Queen Elizabeth II carries on, leads royals at memorial service for Prince Philip at Westminster Abbey
- The service was the first major in-person gathering for Queen Elizabeth II since her COVID-19 diagnosis.
- The service was held because his funeral in 2021 was limited to just 30 people under Britain's strict pandemic rules.
- Prince Charles and Duchess Camilla of Cornwall, Prince William and Duchess Kate of Cambridge attended.
Queen Elizabeth II appeared in public Tuesday for her first major in-person gathering since her COVID-19 diagnosis, leading her family, dozens of foreign royals and hundreds of Britain's great and good in a service of thanksgiving for the life of her late husband, Prince Philip, at Westminster Abbey.
Her presence at the service had been up in the air until the morning of the service. She was spotted in a car, accompanied by her second son, Prince Andrew, Duke of York, being driven from Windsor Castle where she has been living since the start of the pandemic.
After the 1,800 invited guests had been seated, a fanfare sounded and the queen entered, welcomed by the Very Reverend David Hoyle, Dean of Westminster, who conducted the service.
She walked into the ancient abbey through a side door on the arm of Prince Andrew, then separated from him to walk to her seat alone, easing concerns about her health that had raised questions about whether she would attend. It was her first major public event since unspecified mobility issues hampered her ability to walk up and down steps or long distances.
She sat in a throne-like chair at the front of the congregation, flanked by senior members of the royal family and backed up by row after row of more royals and leaders of Britain. The monarch wore a dark green coat with a black color, a matching hat trimmed in black and black gloves.
The queen's appearance for the ceremony to pay tribute to her husband of 73 years, who died in April 2021, gave Britons some reassurance that their sovereign for the last 70 years had not been entirely discomfited by illness or age. Her ability to get around may be more restricted and she now carries her husband's walking stick, but she was carrying on.
The service for the late Duke of Edinburgh, who died just short of his 100th birthday, was scheduled because his funeral in 2021 was limited to just 30 people under Britain's then-stringent pandemic rules.
The funeral was televised, leaving the nation with a poignant image of the queen sitting alone in her pew at St. George's Chapel at Windsor Castle.
Now that the pandemic has eased in Britain, Philip's family and the nation wanted to give him a proper sendoff in the 753-year-old royal church where British and English monarchs have been crowned, married, buried and mourned for centuries.
The service incorporated some elements originally planned for the funeral that had to be dropped, including music: The choir, for instance, sang "Te Deum in C" by English composer Benjamin Britten, originally selected by Prince Philip for his funeral service.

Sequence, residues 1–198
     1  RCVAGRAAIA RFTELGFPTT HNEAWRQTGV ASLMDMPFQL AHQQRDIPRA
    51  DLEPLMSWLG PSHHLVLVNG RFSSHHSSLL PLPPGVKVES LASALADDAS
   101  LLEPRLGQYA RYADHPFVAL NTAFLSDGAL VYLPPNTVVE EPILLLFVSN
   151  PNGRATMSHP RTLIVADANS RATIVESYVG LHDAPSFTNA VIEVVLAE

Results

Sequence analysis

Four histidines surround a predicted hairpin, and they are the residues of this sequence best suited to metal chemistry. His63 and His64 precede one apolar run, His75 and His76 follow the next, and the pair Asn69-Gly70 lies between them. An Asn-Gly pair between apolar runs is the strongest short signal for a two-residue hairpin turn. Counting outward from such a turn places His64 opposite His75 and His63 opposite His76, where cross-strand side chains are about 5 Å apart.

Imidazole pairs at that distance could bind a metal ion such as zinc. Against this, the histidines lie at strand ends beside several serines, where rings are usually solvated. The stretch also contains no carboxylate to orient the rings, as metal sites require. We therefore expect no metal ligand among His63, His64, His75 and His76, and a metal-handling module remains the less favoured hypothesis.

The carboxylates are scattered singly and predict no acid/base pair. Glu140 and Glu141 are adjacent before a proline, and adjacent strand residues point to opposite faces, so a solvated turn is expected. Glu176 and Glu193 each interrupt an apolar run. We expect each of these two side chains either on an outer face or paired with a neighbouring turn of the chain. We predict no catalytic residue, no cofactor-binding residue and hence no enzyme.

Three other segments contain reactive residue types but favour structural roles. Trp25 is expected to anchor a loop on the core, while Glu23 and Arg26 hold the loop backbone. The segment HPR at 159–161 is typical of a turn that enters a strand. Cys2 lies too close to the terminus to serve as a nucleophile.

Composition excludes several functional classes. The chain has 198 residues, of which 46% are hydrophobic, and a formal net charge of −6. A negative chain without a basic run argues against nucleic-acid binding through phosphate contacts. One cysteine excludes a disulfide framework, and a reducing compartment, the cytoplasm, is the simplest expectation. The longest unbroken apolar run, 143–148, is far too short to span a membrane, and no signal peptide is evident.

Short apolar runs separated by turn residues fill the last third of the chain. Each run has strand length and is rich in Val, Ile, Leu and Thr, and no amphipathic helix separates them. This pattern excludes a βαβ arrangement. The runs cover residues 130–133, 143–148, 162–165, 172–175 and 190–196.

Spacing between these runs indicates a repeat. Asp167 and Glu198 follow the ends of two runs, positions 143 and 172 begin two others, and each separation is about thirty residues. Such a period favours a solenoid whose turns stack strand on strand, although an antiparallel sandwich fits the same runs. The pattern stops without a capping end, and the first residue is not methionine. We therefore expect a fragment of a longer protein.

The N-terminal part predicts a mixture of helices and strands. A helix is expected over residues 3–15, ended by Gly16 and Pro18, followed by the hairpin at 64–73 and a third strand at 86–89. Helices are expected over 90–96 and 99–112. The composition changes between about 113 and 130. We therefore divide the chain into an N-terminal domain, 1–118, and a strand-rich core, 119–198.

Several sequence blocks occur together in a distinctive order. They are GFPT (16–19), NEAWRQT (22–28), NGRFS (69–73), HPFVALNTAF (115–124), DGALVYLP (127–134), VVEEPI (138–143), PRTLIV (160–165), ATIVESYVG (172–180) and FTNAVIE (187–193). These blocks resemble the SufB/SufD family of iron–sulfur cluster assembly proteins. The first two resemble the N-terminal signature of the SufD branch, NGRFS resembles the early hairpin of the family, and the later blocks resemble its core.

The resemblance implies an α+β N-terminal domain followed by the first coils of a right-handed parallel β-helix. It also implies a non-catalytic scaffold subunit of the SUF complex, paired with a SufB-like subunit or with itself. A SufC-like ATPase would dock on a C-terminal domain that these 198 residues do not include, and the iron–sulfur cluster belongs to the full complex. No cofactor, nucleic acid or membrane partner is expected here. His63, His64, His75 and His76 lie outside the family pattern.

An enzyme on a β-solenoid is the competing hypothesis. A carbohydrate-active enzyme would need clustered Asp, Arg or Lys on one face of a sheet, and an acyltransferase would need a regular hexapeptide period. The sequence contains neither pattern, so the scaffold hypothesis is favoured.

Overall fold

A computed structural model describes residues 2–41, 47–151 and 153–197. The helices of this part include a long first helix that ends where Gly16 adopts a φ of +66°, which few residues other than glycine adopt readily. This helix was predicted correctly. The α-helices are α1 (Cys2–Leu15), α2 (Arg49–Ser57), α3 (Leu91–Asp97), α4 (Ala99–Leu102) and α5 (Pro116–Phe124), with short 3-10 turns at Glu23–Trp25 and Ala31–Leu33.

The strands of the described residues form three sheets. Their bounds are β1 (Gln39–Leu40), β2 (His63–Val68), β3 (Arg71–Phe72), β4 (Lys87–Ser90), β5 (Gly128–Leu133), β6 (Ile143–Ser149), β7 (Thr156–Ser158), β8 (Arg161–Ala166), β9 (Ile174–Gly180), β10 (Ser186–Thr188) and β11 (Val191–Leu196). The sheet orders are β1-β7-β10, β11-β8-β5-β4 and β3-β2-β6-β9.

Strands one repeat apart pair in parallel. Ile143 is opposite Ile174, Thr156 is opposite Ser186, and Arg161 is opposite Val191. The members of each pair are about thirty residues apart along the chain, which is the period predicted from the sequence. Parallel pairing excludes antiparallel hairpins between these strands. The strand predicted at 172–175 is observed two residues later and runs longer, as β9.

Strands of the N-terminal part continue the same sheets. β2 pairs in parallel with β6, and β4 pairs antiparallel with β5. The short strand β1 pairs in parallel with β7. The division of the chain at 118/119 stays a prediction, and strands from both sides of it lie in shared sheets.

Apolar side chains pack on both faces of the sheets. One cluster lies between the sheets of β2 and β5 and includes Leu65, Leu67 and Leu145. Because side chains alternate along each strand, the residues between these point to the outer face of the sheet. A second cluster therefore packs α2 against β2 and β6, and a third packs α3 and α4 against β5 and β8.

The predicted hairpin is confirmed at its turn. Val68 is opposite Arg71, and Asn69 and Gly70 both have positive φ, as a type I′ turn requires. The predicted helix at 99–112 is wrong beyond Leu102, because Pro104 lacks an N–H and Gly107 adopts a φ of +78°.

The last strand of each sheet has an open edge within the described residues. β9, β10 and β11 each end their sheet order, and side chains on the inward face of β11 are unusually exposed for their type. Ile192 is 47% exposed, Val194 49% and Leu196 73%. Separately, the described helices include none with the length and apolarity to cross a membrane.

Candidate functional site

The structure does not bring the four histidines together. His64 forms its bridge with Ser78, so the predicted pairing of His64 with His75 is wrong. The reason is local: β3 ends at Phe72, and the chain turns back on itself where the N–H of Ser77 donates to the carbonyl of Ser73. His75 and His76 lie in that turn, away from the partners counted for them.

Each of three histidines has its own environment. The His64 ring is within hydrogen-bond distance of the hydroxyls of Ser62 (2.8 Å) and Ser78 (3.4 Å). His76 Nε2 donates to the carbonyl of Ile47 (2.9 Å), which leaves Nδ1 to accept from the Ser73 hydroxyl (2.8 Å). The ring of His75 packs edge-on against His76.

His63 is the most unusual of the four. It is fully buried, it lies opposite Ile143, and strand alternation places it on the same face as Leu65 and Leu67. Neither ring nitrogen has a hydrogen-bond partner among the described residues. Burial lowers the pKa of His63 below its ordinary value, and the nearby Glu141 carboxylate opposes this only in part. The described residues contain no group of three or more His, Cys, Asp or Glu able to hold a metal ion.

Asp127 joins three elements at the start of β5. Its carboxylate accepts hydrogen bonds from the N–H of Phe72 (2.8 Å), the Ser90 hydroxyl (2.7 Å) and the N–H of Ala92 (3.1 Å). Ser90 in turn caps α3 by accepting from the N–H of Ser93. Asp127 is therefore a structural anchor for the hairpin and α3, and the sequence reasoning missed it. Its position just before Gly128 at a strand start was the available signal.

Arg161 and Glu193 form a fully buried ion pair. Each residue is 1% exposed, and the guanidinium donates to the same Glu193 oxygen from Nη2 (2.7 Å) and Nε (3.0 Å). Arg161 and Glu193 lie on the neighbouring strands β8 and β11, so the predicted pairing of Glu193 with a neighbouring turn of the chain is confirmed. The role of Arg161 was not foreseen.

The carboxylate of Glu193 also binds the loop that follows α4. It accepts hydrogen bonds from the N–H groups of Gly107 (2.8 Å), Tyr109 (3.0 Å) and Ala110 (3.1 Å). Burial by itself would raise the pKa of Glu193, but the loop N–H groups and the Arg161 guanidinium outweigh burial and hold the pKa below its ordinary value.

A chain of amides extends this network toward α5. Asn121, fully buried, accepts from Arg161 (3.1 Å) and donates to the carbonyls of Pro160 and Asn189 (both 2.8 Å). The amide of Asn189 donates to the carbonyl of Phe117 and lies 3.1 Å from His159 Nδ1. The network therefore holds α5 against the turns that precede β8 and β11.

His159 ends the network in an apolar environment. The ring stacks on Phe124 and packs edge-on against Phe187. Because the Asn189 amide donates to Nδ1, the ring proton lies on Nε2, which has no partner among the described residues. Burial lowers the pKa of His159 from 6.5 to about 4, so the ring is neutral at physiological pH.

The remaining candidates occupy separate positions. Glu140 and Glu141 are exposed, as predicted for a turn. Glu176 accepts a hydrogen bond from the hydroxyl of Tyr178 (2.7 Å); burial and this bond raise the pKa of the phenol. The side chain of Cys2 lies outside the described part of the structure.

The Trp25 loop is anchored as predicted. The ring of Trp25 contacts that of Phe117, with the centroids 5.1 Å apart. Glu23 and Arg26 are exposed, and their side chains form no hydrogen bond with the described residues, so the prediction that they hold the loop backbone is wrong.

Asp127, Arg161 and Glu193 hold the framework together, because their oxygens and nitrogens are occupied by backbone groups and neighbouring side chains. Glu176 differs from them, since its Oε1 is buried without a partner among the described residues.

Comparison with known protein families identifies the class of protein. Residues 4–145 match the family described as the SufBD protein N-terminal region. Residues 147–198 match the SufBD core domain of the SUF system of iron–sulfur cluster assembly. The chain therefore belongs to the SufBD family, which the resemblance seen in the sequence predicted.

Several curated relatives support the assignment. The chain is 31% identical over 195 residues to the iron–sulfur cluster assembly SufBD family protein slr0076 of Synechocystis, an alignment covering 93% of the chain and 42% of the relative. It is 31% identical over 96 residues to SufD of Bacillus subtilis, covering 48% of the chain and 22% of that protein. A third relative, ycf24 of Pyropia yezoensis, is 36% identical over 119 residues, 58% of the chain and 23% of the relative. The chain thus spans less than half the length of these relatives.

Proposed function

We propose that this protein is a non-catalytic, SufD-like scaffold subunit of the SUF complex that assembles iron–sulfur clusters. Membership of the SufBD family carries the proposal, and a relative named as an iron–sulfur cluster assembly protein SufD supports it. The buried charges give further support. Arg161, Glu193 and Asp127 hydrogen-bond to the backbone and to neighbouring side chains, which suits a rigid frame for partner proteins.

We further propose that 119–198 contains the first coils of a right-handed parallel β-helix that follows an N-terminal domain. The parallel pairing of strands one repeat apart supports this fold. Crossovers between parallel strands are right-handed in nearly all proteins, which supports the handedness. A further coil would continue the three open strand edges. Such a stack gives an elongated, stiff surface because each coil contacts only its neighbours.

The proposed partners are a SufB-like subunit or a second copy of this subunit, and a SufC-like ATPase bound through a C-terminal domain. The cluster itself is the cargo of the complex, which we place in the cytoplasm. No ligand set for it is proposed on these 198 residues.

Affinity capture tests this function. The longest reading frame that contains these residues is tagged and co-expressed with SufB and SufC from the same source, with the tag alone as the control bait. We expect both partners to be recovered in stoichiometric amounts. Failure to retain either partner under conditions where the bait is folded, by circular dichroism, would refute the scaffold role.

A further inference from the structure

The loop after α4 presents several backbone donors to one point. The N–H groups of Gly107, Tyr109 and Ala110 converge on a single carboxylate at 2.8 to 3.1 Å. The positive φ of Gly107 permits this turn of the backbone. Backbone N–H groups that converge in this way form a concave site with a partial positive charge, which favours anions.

"The Queen has also been actively involved in the plans for today’s Service of Thanksgiving, with many elements reflecting Her Majesty’s wishes," Buckingham Palace said Tuesday in announcing the order of service.
This month, the queen, who turns 96 in April, has missed two major events on the annual royal calendar that she had hoped to attend, including the Commonwealth Day service at the abbey on March 14.
The queen had been fully vaccinated against COVID-19 but on Feb. 20 the palace announced she was experiencing mild cold-like symptoms after testing positive for the virus.
Her son and heir, Prince Charles the Prince of Wales, stood in for her at the Commonwealth ceremony, accompanied by his wife, Duchess Camilla of Cornwall, and his son and daughter-in-law, Prince William and Duchess Kate of Cambridge.
Buckingham Palace did not say why the queen missed the Commonwealth service or why she agreed to postpone the annual Diplomatic Reception on March 2 (although the Russian invasion of Ukraine likely played a role in the latter).
But if missing those events meant she was able to commemorate her first and only love in the soaring expanse of Westminster Abbey, who could blame her?
In the last few weeks, the queen did appear for several in-person audiences at Windsor Castle, and on March 23, in the White Drawing Room of the castle, she welcomed artisans and leaders of the 70-year-old British craftworks company, Halcyon Days, to view a selection of the hand-painted enamel-ware trinkets and fine bone English china it has made since the 1950s.
The Tuesday service was to "give thanks" for Philip's "dedication to family, Nation and
Commonwealth," according to an advance press release from Buckingham Palace.